Blowing up the people smugglers


Elysium (MA). Director: Neill Blomkamp. Starring: Matt Damon, Jodie Foster, Sharlto Copley, Alice Braga, Diego Luna. 109 minutes

Blomkamp is a blockbuster filmmaker with a social conscience. In his previous film, District 9, an alien invasion morphed into a vast (in)humanitarian crisis when the new arrivals were forced to live in slum-like conditions outside apartheid-era Johannesburg. The South African filmmaker's Hollywood follow-up Elysium is set in a dystopian future where the gap between rich and poor has been exacerbated by ecological disaster; now the elite one per cent live in a snap-sealed space-bound paradise called Elysium, while the impoverished 99 per cent remain below on a polluted and overpopulated earth, in crowded, decrepit cities and toiling in dangerous blue collar jobs.

These are extremely good, issues-based sci-fi premises that in both instances Blomkamp spends too quickly. District 9 used a documentary format in its first ten minutes to spell out its most interesting idea, which was a comment on how we treat the refugees who arrive among us. Elysium is even quicker to spill the beans; within its opening seconds it has told its audience via bold captions everything that it needs to know about this world; of the elevation of the rich literally beyond the reach of the rest. It then progresses to a reasonably engaging but straightforward action-driven story, that draws some obvious moral points from its potent premise.

Its hero is ex-con Max (Damon), who is compelled by circumstances to enlist the services of a people smuggler, Julio (Luna), to try to get him to Elysium. To achieve this he must overcome the aggressive defenses employed by sinister bureaucrat Delacourt (Foster), head of the Civil Cooperation Bureau (another throwback to apartheid-era South Africa), which is charged with protecting Elysium from earthling invasions. In particular, Max must evade CCB foot soldier Krueger, a violent and technologically advanced maniac played gleefully by Copley.

Like District 9, Elysium, once the headier concepts are out of the way, is loudly and proudly an action film. Blomkamp and his team have clearly had fun coming up with futuristic gadgetry and increasingly devastating weapons (the violence in Elysium is pretty brutal at times) to be used by heroes and villains alike. The action sequences, and Elysium itself (which lines the inner rim of a massive wheel-shaped satellite), are impressively realised. There are some nice, blackly-comic digs at the interactions between humans and technology (see Max trying to reason with his robotic parole officer); but the exploration of the central, social theme is less than robust.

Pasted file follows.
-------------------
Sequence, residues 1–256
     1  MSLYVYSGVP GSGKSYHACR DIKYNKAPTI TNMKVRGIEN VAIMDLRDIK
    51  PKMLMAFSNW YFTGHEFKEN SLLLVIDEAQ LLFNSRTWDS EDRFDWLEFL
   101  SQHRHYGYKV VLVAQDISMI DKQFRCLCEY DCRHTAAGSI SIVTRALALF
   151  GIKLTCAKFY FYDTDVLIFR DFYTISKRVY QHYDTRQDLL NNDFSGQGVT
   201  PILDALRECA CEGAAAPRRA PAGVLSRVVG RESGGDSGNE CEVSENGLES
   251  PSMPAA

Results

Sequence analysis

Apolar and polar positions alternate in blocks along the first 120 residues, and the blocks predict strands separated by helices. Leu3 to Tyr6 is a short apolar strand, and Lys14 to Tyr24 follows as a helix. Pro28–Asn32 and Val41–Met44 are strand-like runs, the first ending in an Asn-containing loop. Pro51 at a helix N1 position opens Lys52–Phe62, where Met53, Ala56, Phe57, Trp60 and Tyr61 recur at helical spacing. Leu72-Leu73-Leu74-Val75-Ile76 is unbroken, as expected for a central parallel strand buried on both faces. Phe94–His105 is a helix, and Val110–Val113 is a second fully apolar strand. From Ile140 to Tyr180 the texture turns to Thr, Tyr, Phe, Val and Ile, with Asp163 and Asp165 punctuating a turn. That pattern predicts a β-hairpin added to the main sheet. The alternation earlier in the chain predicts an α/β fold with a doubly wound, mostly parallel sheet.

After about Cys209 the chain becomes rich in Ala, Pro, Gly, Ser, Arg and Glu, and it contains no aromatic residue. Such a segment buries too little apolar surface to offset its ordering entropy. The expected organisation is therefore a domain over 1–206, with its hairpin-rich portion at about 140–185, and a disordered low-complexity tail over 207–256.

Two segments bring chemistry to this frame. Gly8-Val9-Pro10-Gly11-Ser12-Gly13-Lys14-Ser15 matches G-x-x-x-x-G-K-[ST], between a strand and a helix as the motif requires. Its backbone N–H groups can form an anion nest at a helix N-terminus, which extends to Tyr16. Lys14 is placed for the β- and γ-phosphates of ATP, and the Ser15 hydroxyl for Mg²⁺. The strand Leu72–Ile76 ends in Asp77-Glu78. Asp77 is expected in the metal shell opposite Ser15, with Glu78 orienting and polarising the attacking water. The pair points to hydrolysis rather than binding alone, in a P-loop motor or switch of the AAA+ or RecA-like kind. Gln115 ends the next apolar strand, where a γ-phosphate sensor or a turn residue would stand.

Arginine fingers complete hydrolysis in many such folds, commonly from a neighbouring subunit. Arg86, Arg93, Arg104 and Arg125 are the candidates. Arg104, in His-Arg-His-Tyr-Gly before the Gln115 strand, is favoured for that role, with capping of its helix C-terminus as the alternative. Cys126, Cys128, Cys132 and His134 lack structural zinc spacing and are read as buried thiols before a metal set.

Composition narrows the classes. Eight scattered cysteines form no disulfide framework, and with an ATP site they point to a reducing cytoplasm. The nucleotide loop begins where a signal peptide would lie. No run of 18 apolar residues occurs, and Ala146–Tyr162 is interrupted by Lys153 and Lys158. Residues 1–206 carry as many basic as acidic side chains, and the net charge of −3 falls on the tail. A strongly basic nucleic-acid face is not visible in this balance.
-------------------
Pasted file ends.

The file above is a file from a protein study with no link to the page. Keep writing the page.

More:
Heavy-handed is a better description. The film draws pointed comparison between the insufficient health care on earth — where hospitals are overcrowded and ill-equipped — and the miraculous healing capabilities available to the wealthy citizens of Elysium. Herein lies Max's motivation for reaching Elysium; he is grievously ill following a workplace accident (such is the lot of the 99 per cent) and only on Elysium can his life be saved. A childhood friend, Frey (Braga), whose daughter is dying of cancer, helps to evoke a more selfless dimension in Max's quest. But amid the explosions and bodies being blown apart it's hard to take these more earnest points very seriously.

As social commentary Elysium clearly has in mind any country that receives 'unwanted' arrivals of refugees. But it seems particularly timely in Australia, where the political response to asylum seekers who arrive by boat is simply to stop them. Most of those whom Julio helps to reach Elysium are in desperate need; the fact that they presumably have the financial resources to enlist his services does not make them any less desperate. The response by the bureaucrat Delacourt, to blow the smugglers' ships out of the air before they reach Elysium, and violently apprehend any individuals who get through, certainly takes the 'stop the boats' mentality to its extreme.

Tim Kroenert headshotTim Kroenert is Assistant Editor of Eureka Street.

Topic tags: Elysium, Matt Damon, Jodie Foster, Neill Blomkamp, Sharlto Copley, Alice Braga, asylum seekers



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Existing comments

Hope "Bogan Nation" watches!

Val | 15 August 2013  

Australia: where fact and fiction merge into one nightmare of existence.

Alex Njoo | 15 August 2013  

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